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Publication numberUS4285331 A
Publication typeGrant
Application numberUS 05/959,993
Publication dateAug 25, 1981
Filing dateNov 13, 1978
Priority dateNov 13, 1978
Publication number05959993, 959993, US 4285331 A, US 4285331A, US-A-4285331, US4285331 A, US4285331A
InventorsDan E. Bloxsom
Original AssigneeBloxsom Dan E
Export CitationBiBTeX, EndNote, RefMan
External Links: USPTO, USPTO Assignment, Espacenet
Solar heater
US 4285331 A
A solar heater for heating room air or home hot water includes a transparent plastics material arched panel set over an opening in a roof with air inlet passages between the roof and panel around the periphery of the panel, a sheet metal pan under the roof opening having an inlet and outlet for water and filled with lava rock and water, a ceiling opening just beyond one end of the tray, a register controlling the flow of air through the opening, and a plurality of solar powered electric motor driven fans under the panel over the ceiling just beyond the other end of the tray adapted to draw air in from outside the panel and blow it over the rock, which has been heated by the sun, and down through the ceiling opening into the room below. If there is no need for heating, register is closed and valve in water line is opened to heat water flowing through the pan and rocks.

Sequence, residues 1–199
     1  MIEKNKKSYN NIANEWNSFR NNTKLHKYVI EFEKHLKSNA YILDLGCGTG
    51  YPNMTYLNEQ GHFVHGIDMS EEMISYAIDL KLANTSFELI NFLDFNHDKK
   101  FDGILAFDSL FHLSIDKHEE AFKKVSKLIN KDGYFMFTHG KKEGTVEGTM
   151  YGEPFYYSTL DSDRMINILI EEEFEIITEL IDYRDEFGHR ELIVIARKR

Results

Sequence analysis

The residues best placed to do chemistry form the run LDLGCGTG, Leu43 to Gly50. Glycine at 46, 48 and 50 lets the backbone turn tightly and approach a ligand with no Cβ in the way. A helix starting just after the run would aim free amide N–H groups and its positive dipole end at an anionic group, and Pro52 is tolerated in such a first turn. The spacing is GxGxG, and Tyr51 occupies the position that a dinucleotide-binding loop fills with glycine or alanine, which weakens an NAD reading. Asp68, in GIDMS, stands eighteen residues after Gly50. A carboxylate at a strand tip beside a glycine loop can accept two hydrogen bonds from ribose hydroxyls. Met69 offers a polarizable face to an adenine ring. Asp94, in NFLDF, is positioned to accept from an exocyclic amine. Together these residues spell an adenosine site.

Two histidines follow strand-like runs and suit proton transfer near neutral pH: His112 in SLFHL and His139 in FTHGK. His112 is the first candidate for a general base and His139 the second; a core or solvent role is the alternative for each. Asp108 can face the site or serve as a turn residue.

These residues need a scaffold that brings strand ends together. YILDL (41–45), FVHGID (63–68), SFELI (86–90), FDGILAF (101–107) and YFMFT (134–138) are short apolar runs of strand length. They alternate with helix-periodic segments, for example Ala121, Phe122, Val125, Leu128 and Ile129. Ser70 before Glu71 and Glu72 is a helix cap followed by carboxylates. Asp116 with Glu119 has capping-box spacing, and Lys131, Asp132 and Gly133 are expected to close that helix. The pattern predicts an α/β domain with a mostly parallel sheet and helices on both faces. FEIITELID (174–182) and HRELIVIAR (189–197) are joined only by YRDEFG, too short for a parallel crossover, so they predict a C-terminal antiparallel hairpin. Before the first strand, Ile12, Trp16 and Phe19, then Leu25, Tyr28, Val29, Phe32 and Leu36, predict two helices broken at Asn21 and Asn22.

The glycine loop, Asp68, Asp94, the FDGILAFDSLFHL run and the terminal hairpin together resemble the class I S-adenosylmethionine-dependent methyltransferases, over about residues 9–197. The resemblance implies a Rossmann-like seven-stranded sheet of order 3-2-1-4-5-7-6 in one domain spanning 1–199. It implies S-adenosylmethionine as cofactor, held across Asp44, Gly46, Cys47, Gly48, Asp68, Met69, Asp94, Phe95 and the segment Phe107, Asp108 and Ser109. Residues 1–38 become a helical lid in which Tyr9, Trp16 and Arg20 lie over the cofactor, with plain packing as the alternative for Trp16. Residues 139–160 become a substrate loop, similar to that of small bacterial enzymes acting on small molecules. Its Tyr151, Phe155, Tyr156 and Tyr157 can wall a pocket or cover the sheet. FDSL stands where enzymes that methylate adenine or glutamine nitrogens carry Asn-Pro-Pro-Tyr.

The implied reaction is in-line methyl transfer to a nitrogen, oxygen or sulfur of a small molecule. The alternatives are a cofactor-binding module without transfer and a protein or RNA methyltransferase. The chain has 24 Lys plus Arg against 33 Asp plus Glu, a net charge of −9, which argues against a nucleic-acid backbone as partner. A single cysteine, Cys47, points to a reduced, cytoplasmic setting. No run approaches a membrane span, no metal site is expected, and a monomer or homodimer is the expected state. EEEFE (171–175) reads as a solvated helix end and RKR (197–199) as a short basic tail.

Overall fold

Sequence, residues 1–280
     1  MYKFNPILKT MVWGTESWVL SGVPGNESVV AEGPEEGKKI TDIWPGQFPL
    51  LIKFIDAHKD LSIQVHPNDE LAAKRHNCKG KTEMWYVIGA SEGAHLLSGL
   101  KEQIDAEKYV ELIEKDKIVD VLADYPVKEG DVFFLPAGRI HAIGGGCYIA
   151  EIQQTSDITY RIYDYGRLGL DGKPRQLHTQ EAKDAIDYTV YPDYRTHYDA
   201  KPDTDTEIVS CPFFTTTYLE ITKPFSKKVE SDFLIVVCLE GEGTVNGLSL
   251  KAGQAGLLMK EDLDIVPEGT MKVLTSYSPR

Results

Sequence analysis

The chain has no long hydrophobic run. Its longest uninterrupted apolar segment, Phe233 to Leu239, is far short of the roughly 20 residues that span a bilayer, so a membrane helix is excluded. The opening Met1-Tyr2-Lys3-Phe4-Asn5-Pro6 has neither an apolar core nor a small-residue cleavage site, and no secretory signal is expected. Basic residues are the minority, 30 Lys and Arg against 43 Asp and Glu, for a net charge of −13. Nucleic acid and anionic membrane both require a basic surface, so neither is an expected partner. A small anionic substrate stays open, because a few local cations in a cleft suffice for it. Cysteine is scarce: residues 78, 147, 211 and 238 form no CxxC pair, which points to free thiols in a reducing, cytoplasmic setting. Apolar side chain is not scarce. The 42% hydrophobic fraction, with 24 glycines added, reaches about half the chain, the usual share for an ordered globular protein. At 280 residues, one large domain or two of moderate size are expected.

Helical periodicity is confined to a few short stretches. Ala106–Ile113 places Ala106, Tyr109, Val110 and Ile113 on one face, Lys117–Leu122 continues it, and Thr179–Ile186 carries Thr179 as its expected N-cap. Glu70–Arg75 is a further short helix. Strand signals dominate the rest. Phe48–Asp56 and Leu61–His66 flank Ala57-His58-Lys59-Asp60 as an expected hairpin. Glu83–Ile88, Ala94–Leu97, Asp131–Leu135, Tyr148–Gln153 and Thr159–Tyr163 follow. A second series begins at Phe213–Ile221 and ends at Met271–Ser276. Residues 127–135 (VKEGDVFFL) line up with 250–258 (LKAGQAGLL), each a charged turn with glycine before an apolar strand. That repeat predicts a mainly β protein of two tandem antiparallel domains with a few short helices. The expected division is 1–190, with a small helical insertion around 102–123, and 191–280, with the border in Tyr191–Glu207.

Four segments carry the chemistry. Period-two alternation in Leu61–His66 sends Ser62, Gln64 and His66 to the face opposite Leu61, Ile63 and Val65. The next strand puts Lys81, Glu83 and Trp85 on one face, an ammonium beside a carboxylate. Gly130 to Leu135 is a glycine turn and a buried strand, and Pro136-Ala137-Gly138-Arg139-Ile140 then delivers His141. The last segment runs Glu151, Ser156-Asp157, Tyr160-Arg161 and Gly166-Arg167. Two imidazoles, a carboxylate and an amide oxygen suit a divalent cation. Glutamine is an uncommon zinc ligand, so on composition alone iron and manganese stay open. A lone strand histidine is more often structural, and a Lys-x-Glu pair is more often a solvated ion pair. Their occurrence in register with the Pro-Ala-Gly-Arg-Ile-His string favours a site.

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I claim: